Why Vertical Farms Are the Key to The Perfect Omelette

A new way of life?

adevarias

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You wake up. Hungry.
You want an omelette. Delicious mushrooms, spinach, obviously cheese, and some finely shopped onions.

Author provided. Midjourney.

Enthusiastically, you wash your face, your teeth — use the toilet and head to the kitchen — you open the fridge…and you have none of those ingredients.

So you dress up to your comfort level, head down to the lobby and decide to visit your local vertical garden shop. Fresh spinach, mushrooms, onions await you. And just across from it, some freshly farmed eggs and locally produced cheese— all of them grown and tended from the inside of the massive structure in the heart of the city you call home.

This is the vision I see for our future cities. One where farm to table is not luxurious concept reserved for a spread in some luxury magazine with pretty pictures of 5 star chef creations in the remote areas of the world where the wealthy frollick. Some may call it revolutionary, but I call it evolutionary — and the irony does not escape me that evolution has turned into something our ancestors use to do.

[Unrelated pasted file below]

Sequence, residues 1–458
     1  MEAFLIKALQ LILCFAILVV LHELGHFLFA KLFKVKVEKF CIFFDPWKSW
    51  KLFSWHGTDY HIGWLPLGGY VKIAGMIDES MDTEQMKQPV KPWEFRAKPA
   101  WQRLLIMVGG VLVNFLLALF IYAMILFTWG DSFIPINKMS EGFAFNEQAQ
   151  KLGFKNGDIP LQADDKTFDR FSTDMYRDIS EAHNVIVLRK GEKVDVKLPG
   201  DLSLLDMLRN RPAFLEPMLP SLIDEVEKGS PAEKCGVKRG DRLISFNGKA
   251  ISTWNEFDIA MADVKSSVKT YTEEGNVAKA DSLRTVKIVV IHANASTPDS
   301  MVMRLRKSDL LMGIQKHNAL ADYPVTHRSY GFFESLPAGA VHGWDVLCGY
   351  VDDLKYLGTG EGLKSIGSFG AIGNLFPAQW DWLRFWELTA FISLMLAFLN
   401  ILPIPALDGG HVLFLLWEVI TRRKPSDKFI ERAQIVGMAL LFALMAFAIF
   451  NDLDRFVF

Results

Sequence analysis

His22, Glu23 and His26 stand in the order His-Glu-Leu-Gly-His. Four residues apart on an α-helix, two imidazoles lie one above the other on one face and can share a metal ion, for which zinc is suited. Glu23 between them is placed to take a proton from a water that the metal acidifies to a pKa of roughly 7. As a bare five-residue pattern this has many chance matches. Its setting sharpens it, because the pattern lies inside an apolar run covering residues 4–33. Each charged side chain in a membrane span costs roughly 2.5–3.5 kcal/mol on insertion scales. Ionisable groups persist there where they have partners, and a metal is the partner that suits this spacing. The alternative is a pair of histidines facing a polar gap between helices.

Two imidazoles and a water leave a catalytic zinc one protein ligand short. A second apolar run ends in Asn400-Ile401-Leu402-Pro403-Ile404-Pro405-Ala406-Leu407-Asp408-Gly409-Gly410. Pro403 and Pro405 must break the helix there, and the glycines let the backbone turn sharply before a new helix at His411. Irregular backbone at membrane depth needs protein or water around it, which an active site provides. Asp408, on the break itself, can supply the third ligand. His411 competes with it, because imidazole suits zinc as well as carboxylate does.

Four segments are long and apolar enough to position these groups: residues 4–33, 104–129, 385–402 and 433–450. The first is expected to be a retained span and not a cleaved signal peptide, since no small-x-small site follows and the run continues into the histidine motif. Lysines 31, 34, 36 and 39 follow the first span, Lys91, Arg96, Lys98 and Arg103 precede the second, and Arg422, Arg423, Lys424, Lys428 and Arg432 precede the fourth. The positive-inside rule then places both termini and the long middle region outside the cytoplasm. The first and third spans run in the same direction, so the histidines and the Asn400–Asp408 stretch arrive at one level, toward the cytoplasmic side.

Author provided screenshot (note: it’s on a private island!)

But the reality is — what I am proposing isn’t how our ancestors did things. Our ancestors used acreages of land to produce the food they ate. I am suggesting that with 1 acre we produce 5 to 10 times more food. Maximizing our use of vertical space is key — now that we have all these amazingly “futuristic” technology.

Author provided. Midjourney.

The human has generated ways to control its environment. We can control our water consumption and control the amount of pesticides and herbicides, precisely delivering the required water and nutrients needed to grow the desired produce. We can reduce water waste and provide fresh food to regions with water scarcity and combat drought conditions caused by the ever changing weather.

So maybe the don’t do cheese in your building, but three buildings down they do. You…

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adevarias

Architectural designer crafting well-researched articles envisioning the future of the built environment.